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specialising in recruitment services for japanese speaking job seekers in Singapore

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21 Jul 2011

Vol.41 (En)

Please contact us at 9672-0104 or send email to (Mr. Terunuma)

Salaries of most Singaporeans increase in 2011
This trend is revealed in mid-July survey

Over 80 per cent of Singaporeans received a salary increase ranging from one pre cent to 21 per cent, a recent global survey of 3,200 professionals conducted by recruitment consultancy Robert Walters has revealed.

Of the majority in the group, 40 per cent of Singaporeans received a pay rise of between one and five per cent. Twenty per cent received between six and 10 per cent, 14 per cent received between 11 and 20 per cent and eight per cent received more than 21 per cent.

The remarkable fact is that the financial industry did not lead the increase in salaries this time.

Andrea Ross, Managing Director at Robert Walters Singapore & Malaysia, pointed out: "The large increases in 2011 predominantly came from the non-financial services industry, as salaries within the financial services sector had a sharp increase last year. "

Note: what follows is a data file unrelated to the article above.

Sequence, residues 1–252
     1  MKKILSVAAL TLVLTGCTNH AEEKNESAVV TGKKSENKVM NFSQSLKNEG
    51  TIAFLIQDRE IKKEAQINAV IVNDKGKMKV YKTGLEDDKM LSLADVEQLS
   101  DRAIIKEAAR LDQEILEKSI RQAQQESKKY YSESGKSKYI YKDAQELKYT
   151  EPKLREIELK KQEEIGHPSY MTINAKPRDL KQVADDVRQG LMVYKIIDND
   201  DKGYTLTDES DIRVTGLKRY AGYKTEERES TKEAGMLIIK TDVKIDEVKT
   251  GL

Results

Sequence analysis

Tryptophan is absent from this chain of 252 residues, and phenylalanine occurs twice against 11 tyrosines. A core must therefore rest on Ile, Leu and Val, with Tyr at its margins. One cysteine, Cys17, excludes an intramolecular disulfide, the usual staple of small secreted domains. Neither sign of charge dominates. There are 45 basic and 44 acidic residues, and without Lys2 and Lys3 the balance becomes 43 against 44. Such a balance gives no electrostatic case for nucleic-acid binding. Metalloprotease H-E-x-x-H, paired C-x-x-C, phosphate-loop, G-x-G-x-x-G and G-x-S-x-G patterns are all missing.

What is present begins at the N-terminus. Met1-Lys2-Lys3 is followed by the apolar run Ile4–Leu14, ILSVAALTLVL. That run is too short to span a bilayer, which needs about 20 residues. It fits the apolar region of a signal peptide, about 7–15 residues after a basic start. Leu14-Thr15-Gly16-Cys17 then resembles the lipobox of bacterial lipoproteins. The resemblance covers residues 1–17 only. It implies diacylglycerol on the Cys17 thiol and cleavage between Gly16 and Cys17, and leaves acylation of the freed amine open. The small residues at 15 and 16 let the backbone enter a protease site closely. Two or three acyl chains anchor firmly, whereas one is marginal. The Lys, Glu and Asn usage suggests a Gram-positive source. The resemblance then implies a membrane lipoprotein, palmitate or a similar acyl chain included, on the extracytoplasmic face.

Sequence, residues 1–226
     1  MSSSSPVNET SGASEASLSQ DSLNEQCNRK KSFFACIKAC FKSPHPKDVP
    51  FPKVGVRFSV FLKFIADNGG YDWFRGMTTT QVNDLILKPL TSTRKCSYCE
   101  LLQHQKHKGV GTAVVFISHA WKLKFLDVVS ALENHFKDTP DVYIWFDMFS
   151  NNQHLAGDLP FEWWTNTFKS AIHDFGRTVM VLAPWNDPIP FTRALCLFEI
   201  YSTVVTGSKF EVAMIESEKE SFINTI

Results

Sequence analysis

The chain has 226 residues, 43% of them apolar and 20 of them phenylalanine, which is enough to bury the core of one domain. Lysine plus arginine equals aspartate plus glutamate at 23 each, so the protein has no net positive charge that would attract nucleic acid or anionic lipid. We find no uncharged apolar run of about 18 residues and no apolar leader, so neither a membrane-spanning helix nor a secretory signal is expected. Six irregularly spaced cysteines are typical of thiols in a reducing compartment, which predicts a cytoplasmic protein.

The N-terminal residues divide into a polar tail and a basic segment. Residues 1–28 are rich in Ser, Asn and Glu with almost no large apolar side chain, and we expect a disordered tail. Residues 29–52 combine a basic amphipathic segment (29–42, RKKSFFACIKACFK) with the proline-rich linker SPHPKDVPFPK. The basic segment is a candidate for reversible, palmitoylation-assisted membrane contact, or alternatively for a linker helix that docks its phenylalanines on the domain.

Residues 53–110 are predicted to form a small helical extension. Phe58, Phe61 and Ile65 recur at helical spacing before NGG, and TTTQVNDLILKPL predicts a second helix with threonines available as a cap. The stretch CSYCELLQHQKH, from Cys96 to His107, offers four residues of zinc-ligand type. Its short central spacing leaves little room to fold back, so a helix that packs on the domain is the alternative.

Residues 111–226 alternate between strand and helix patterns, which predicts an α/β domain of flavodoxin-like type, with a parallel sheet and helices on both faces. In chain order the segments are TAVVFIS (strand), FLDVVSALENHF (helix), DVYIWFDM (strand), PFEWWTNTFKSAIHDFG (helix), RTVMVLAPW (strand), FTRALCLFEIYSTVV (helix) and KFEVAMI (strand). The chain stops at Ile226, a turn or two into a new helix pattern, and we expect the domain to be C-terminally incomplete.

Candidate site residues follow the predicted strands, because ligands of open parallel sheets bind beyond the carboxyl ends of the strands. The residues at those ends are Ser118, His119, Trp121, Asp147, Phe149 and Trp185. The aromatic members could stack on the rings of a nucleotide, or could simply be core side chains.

"Another factor contributing to the increase in salaries at the start of the year would be the added focus of companies in trying to retain their top talent by providing competitive remuneration," he added.

A summary of the survey result shows that the highest pay rises of 10 per cent or more came from Asian countries: 45 per cent of respondents from China, 26 per cent of respondents in Thailand, 24 per cent of respondents in Malaysia, 22 per cent of respondents in Singapore and 21 per cent of respondents from Hong Kong. In contrast, the comparative figure for UK was only 16 per cent.

On the other hand, there were countries where the majority of the respondents received no increase at all. These included Ireland (65 per cent of respondents), New Zealand (49 per cent), Belgium (39 per cent) and Australia (35 per cent).

However, some financial observers have challenged the survey findings. They argued that the survey was not accurate as it included Singaporeans or expatriates who were already earning high salaries.

We need to assess the reliability of surveys like this one. One fact which stands out is that the standard salary in applications for employment visas in Singapore increased as of July. So, it is true that those foreigners who needed these visas for the first time received higher salaries, thanks to the change of visa regulation.

What is also crystal clear is that companies affected by the increase in salaries would now need to focus on improving productivity so as to match the higher salaries they are paying out.